Nebraska: A woman taking her niece out of the SUV on Tuesday afternoon was shocked when the wind blew the door shut with her keys and the child inside. The car locked. The aunt, the girl’s mom and two other relatives frantically tried to get the door open using a hanger and screwdriver, and when they couldn’t, they called 911. The cops arrived, broke the window, and got the child out, safe and sound.
Then they ticketed the mom on suspicion of child abuse by neglect.
As The Omaha World-Herald reports:
Lt. Darci Tierney, a police spokeswoman, said the ticket was not an overreaction by the officer who responded to the 911 call.
“We make decisions in the moment with all the information we have available,â€™â€™ she said. “This can be a super dangerous situation. People die in these circumstances.”
That is not true. Children die when they are forgotten in cars, not when they are about to be taken out of cars, the wind slams the door shut, and the family immediately does everything humanly possible to get the door open quickly. That includes calling cops who turn out to be so clueless, cruel or crazy they treat the incident like child abuse.
The girl, just shy of 2, was in the car for about 15 minutes. It was a 93-degree day, and 97 degrees in the un-air-conditioned car. The girl appeared warm to the paramedic — um, of course she’d be warm — so she was taken to the local hospital. She was fine.
The wind, by the way, was gusting up to 40 miles an hour, something that must have been pretty obvious.
To add insult to non-injury, Lt. Tierney is also quoted as reminding people that in a situation like this one,Â “Donâ€™t be afraid to call 911 for help.”Â
Yeah, and a defense lawyer.Â
This kind of idiocy is why some people never call the police, no matter how bad things get. I don’t necessarily agree with the idea, but I’ll note that the family would have spent a couple thousand dollars less if they’d simply broken the front window of the car.
When the mother and other relatives are there and clearly trying to get the door open, how could it be abuse or neglect? This is absolutely insane.
This is part why people don’t always trust cops.they use any stupid excuse to give you a ticket. The other is that they tend to have short fuses which usually gets someone pounded. Maybe cops can be good when they try , I just wish they tried more often.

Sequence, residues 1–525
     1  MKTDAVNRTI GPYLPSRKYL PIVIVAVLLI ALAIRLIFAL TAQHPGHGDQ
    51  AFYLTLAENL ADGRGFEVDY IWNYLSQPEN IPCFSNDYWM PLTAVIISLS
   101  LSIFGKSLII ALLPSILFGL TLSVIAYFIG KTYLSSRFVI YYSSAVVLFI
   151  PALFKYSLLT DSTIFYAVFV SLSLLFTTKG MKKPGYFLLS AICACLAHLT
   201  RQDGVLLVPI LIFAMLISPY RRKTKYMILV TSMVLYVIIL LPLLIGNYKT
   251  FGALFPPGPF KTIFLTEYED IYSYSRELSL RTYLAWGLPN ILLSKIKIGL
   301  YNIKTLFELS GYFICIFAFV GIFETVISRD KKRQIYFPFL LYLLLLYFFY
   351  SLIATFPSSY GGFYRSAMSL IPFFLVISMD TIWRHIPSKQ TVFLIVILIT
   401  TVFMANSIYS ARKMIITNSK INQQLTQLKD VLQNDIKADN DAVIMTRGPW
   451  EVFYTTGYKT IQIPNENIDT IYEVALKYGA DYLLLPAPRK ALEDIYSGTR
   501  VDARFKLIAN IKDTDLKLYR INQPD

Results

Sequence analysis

If this goes before a judge, I hope the judge reams the officer. This is ridiculous. “All the information they had available” included the aunt calling 911 to get the child out of the car ASAP, the fact that they did not act in any way neglectfully or dangerously, etc.
Of course, it’s possible that we’re only getting one side of the story. But as presented here, this is absurd.
Reminds me of when my brother called the non-emergency line for help because our dog had escaped the backyard. He got a ticket for not following the leash law.
The police and courts make money off tickets, citations, and convictions. It’s their bread and butter. Prisons make money leasing their prisoners to corporations for sub-minimum wage labor. Different states’ prisons bureaus actually advertise this service online. NEVER TRUST THE POLICE! See the linked image:
Good grief. I hope to hell and heaven she fights that ticket. Ridiculous.
Bad mommyhood has reached new levels. Remember, folks, good parents are immune to the forces of nature.
One of our family stories was years ago when my brothers, probably around 12 or so at the time, had with their buddies climbed the fence to government property (obviously trespassing) so they could go sledding in the empty reservoir (so illegal!). My parents were at a wedding and had left my brothers at home alone because, as any Freeranger observes, they were 12 or so and had heretofore been generally okay with basic responsibility and survival skills. Anywho, one brother open fractures his ankle with the blood and bone and gore and all that. Other brother hops the fence, calls 911, and opens his call with an admittance of yes we were trespassing illegally on government property and our parents aren’t home.
Not a single ticket, just EMTs and police cutting the barbed wire off the fence to rescue my brother and the sheriff giving my folks a call to let them know my brother was in the hospital.
That’s public service, not a bloody ticket.
Even if the child wasn’t OK, because the cops didn’t come fast enough and it was indeed hot and sunny enough to be dangerous, a ticket would not have been warranted.
Problem is it’s always harder to prove you “didn’t” do something.
What happened to the presumption of innocence? Is that no longer our law? Was there evidence that the adults intentionally left the kid (and the keys) locked in the car?
It seems to me pretty obvious that locking the keys in the car (kid or no kid) is unintentional. So far I’ve never met anyone who did that on purpose. :/
Backroads that the sort of treatment everyone dreams of getting. it would give cops a better rep which they could use. What happened to that kind of common Sense.